His intention from the get-go was to reshape the defence. The plan was not only to acquire Rice, who Lampard felt could be converted into a top centre-back as well as using him as a defensive midfielder, but also to buy James Tarkowski from Burnley. Defenders earmarked to go were Fikayo Tomori, Marcos Alonso and Rudiger. There was even talk that Lampard was open to the idea of captain Cesar Azpilicueta departing.
    In the end all four players stayed beyond the summer, which was another major factor in why Rice didn’t come as well as Tarkowski. With the club spending vast sums, money had to be raised to afford their fees too. Granovskaia is also said to have not been too keen on the latter.
    Instead, the club moved for Brazil international Thiago Silva, who was given a contract after being released by Paris Saint-Germain. The veteran wasn’t on Lampard’s radar beforehand, but he certainly wasn’t opposed to having someone of his experience and leadership join a group that was lacking in these two areas.
    Silva has proved to be a good bit of business, for the short term at least. But with Werner and another expensive summer recruit Kai Havertz struggling to make any impact in English football, it was inevitable this would come under negative scrutiny, raise questions and alarm. The Germany internationals were seen as key acquisitions to help Chelsea challenge Liverpool for the title but scored just five Premier League goals between them in the first three months.
    Werner operated more as a left winger rather than left centre-forward while Havertz, mostly due to the impact of contracting COVID-19, ended 2020 with three successive appearances as a substitute. This coincided with Chelsea picking up four points out of 15 before losing 3-1 to Manchester City.
    “The problem Lampard had with Marina is obvious but fundamental,” one agent said. “He has a series of huge investments he does not have the ability to maximise, but more than that, he appears to have given up on attempting to maximise them. The public criticism of individuals (most notably after the 3-1 loss to Arsenal) has lost him support too.”
    But when a table emerged showing Lampard boasted the joint-worst points-per-game ratio of any Chelsea manager in the Abramovich era, then it was always going to lead to concerns, regardless of what was going on behind the scenes. And as a source told The Athletic after the Manchester City game, Roman became “very, very unhappy”.
    And then came the Leicester City game. Chelsea were outclassed by Brendan Rodgers’ side and Abramovich was furious, he’d seen enough. The next morning was spent on calls trying to get a deal for an interim or permanent coach over the line. Lampard’s time was up. In the dressing room after the game, Lampard felt this too. He shook his players’ hands and thanked them for their efforts under him. The mood was sombre.
    The calls to Germany started, with former Leipzig coach Rangnick offered the role until the end of the season, the idea being that he moved into a different role at that point. He turned them down due to the short length of the deal.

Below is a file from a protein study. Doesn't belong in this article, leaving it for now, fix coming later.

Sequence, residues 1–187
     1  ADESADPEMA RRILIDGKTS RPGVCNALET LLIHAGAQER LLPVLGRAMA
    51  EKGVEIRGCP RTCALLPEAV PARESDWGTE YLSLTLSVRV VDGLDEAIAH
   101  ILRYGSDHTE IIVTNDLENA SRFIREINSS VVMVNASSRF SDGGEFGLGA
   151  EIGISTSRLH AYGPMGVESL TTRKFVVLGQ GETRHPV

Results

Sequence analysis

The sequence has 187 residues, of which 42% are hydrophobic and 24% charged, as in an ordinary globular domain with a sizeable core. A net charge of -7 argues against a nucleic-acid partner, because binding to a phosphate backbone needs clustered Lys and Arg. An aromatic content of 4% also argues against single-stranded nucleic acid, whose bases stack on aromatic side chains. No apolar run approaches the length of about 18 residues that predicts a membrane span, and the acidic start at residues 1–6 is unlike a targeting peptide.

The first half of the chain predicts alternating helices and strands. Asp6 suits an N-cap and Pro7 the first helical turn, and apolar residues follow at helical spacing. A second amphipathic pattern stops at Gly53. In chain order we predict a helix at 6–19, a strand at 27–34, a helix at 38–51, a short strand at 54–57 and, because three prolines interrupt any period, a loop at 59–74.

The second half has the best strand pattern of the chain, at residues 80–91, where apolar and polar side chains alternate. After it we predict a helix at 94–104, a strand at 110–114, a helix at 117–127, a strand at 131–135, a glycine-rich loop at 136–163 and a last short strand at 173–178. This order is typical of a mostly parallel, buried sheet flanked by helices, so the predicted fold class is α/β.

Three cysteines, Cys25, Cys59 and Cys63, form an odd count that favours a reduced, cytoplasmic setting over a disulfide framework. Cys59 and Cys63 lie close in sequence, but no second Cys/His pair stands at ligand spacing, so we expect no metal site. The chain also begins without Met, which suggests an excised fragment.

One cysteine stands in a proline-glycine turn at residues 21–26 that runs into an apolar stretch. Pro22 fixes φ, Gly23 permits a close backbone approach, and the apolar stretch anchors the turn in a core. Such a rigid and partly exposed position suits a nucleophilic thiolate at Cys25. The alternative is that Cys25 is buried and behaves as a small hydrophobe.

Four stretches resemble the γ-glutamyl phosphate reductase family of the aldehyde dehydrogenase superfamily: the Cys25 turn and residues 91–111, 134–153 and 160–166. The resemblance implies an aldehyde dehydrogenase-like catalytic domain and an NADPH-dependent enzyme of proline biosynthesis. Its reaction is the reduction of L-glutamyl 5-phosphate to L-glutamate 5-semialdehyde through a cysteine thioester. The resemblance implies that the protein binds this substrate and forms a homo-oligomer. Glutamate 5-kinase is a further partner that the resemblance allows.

The hierarchy were determined to bring in a German speaker to bring out the best in Werner and Havertz, talking to former PSG manager Tuchel too and hitting a brick wall in initial discussions with Leipzig about Nagelsmann.
    Tuchel was reluctant to come midway through the season initially but was eventually persuaded, having almost taken the Stamford Bridge job before Antonio Conte a few years ago. He felt it was too good a job to turn down. Lampard’s time was up.
    One aspect that always gets mentioned whenever a Chelsea manager loses his job is the notion that he “lost the dressing room”. There are suggestions from more than one individual that this was a factor for Lampard too and it was certainly the case in the final weeks.
    Before this run of form though, perhaps a note of caution is required. It is inevitable that those connected to individuals who play less regularly are going to have more negative things to say than people associated with first-team regulars.
    But in talking to various contacts and people close to even those who do play most weeks, a general theme emerged and if these things were being relayed to The Athletic, you can expect perhaps even more forthright opinions to reach Granovskaia’s ears.
    “The problem was, the manager didn’t talk to the players — well only the ones he liked,” one such source explains. “I know of players who weren’t in the team that didn’t hear from him for many months. That’s very frustrating for a player because you don’t know what you have to do to do better, what the manager is thinking. It’s crazy. 
    “Obviously when Chelsea were on their 17-game unbeaten run (between September and December), the coach is not going to make too many changes. But you still need to talk to people. Players are going to be wary about knocking on the manager’s door themselves because it can be perceived negatively.”